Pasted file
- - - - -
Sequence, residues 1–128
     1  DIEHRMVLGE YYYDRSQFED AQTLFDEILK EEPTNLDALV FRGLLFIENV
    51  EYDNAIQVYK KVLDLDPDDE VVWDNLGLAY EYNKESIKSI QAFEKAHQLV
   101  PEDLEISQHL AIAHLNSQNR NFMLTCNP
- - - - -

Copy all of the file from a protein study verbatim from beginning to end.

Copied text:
Sequence, residues 1–128
     1  DIEHRMVLGE YYYDRSQFED AQTLFDEILK EEPTNLDALV FRGLLFIENV
    51  EYDNAIQVYK KVLDLDPDDE VVWDNLGLAY EYNKESIKSI QAFEKAHQLV
   101  PEDLEISQHL AIAHLNSQNR NFMLTCNP